“I’m not sure there’s enough bullets left in this.” He shook the rifle and looked out to sea again. It was not an encouraging sight to see a centuries-old, vengeful shaman coming to take back the holy relic that you had stolen from him, and just for a moment Pete was unnerved. “If the other priests were anything to go by, this one won’t die easy. He’d be like your worst nightmare, refusing to lie down.” He looked across at the approaching boat. “But I’m willing to bet he can drown.”
He turned back to their camp and saw Catalina looking at him. He knew she was pinning all her hopes on him keeping calm. Women, he thought; they believed they had turned things around in the twentieth century – even had you enslaved by sex – but the reality was, in certain situations they were as little use, and had as little power, as the days when this shaman had first stalked the planet.
“Ok, it’s time to move,” said Pete, “while he’s still far enough out.” He had attached the inflatables together with a length of rope. “Let’s get these into the water.” Once out into the shallow water they clambered into one boat. Pete fired the motor, and they skittered out into deeper waters. Soon they were within a hundred yards of the spectre.
The cowled figure stopped paddling.
Pete killed the motor and they bobbed perhaps thirty yards from that vision of Hell.
With a sudden pseudo-theatrical sweep of the hand, the dark man threw back his hood. Catalina gasped and buried her face in her hands, while Pete felt his body shudder. The high priest reached a hand towards them, the gesture looking like nothing so much as the Phantom of the Opera when he was unmasked in the old Lon Chaney movie. Pete felt the darkness of that ancient soul touch him as it had in the temple a few hours before.
Now the cruel mouth was moving, and guttural sounds crossed the void of water and time. Pete’s skin crawled. “Catalina”, he said. Her face remained hidden and he nudged her with his foot. “Catalina!” She managed to drag her eyes upwards, but he saw she had put her fingers in her ears. “What’s he saying?” She ignored him and dropped her gaze again, shaking her head.
Then Pete took a deep breath, raised his rifle and, not without a moment’s hesitation, or perhaps even unexpected regret, fired. The semi-automatic splintered the side of the wooden boat below the waterline and it started to sink. For a moment something seemed to drag at their own boat. Pete looked at his rucksack, wondering. Then he watched as the high priest looked around him in panic. His mouth opened, the bottom jaw falling away at an impossible angle, and an cry issued from it, which had no place on that earth, causing Pete to copy Catalina and put his fingers in his ears. With that, the corvine figure leapt into the water and started to swim towards them.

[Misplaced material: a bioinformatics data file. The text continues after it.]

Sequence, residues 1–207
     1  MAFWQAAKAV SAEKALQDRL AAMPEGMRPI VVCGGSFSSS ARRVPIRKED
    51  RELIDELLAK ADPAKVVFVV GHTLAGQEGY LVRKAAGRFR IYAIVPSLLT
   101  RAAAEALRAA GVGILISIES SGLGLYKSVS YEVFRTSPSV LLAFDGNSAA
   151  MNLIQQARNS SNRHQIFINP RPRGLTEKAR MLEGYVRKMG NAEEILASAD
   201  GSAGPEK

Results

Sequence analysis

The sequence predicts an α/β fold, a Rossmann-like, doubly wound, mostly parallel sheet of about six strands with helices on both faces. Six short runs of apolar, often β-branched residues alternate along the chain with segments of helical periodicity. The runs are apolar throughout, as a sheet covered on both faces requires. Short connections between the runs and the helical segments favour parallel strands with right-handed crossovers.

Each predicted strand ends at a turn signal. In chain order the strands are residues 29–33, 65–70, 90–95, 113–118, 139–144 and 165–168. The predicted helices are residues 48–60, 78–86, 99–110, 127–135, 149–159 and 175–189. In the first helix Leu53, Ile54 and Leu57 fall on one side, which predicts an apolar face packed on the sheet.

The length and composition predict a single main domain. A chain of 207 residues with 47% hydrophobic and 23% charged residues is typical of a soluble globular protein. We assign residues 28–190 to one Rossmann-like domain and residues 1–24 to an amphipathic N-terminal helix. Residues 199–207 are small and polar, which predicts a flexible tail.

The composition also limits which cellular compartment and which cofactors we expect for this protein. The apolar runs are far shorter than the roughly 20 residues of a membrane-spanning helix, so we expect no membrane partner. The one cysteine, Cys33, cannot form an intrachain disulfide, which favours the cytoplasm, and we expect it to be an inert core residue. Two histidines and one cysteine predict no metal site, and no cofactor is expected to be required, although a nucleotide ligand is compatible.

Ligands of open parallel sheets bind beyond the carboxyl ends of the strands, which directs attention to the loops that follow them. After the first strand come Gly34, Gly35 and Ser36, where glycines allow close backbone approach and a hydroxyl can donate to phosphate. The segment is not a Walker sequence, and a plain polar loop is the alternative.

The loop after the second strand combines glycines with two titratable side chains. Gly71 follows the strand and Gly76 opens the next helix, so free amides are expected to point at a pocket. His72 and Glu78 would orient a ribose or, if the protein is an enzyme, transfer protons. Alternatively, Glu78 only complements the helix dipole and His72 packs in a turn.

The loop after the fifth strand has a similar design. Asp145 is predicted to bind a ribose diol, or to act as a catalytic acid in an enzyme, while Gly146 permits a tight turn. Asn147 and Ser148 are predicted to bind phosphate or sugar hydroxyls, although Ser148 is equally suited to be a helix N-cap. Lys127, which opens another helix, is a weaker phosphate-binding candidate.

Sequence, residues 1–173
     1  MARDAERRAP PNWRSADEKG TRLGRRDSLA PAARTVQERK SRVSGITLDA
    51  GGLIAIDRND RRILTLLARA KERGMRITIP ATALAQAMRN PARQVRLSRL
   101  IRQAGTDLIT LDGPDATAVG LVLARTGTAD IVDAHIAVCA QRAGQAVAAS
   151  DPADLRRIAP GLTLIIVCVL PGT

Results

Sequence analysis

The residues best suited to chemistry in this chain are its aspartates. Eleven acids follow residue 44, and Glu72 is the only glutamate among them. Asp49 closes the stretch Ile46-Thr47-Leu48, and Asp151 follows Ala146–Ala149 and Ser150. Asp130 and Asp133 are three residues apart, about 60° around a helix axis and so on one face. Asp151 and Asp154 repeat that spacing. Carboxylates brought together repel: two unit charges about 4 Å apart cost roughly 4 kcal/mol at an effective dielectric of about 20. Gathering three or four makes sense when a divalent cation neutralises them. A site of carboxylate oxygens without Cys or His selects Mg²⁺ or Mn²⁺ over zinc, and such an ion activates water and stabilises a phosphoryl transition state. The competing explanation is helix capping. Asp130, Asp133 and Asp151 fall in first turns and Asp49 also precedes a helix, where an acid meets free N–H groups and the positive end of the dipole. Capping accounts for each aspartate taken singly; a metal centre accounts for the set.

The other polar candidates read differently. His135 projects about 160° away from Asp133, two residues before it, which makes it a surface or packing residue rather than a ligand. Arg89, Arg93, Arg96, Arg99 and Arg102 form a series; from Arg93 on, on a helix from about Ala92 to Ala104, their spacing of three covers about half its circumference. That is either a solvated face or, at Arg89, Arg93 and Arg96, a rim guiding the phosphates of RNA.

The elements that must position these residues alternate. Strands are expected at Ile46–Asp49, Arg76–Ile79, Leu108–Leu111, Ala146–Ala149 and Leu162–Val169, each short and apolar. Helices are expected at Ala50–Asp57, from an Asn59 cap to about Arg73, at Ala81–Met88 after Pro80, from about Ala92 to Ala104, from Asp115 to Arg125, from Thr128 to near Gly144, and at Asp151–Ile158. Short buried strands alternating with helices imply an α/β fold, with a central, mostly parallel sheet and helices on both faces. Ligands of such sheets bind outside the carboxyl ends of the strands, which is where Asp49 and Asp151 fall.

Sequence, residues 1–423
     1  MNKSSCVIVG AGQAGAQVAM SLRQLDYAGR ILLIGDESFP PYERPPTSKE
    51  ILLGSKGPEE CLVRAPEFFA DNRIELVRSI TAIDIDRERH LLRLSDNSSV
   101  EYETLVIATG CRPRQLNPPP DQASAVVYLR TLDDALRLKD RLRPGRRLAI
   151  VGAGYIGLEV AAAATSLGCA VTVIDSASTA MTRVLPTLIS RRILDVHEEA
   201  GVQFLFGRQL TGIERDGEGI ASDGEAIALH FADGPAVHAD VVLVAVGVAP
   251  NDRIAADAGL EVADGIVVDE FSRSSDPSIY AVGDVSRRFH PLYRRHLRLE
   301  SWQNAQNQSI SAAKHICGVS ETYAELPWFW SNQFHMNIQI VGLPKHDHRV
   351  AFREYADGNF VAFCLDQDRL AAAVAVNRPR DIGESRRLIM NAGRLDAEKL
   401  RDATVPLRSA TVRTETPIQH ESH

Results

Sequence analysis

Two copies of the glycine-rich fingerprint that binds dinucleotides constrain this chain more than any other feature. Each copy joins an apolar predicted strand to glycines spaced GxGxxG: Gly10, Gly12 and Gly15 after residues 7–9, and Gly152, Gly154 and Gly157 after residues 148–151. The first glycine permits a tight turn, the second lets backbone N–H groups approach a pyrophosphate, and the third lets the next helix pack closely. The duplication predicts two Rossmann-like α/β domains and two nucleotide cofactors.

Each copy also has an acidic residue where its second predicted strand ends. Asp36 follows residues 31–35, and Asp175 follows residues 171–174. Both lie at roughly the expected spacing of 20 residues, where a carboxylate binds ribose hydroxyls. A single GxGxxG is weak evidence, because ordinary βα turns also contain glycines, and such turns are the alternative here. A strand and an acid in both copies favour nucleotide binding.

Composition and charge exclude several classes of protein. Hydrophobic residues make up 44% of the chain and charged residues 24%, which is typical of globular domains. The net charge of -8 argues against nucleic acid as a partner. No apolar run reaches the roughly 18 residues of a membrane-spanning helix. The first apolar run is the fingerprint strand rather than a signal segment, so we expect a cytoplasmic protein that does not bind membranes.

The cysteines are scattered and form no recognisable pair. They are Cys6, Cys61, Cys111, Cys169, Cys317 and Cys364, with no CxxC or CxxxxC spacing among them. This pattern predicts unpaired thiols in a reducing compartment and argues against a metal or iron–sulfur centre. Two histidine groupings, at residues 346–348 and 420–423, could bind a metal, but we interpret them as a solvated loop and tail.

“Fuck!” Hurriedly, Pete pulled the cord of the engine. “C’mon; c’mon!” It misfired. Was it out of juice? Twice, three times – still nothing. And the priest, though weighed down by his sodden robe, was closing the gap. There was a keening sound, which seemed to be emanating from Catalina. Pete almost laughed; felt as if he was standing outside himself for a moment looking at a ludicrous B-movie, where the director was using every cinematographic cliché to crank up the tension. And as if on cue, the engine coughed into life. Pete took off towards TempleIsland. When he turned again, the bowsprit of the little boat was disappearing below the water and their attacker was nowhere to be seen in the choppy waves. He nudged Catalina, who surfaced from the world into which she had been trying to retreat. Pete pointed towards the wooden boat’s death throes, then sank down and started to laugh. He recognised the note of hysteria in the sound, and it infected the girl, who sobbed with relief.
Now Pete remembered something and looked up at the sky to the north and east.
“Catalina.” She looked at him through tear-stained eyelashes and he saw in that look his complete mastery of her. Better make the most of it, he thought, she’ll want to start pulling the strings soon enough. For a distracted split-second he was almost tempted to pitch her over the side, but decided he stood a better chance of avoiding suspicion if he wasn’t the sole survivor of this expedition. “We’ve still got plenty to do. First, let’s sink the other boat. We’re out over deep water now.”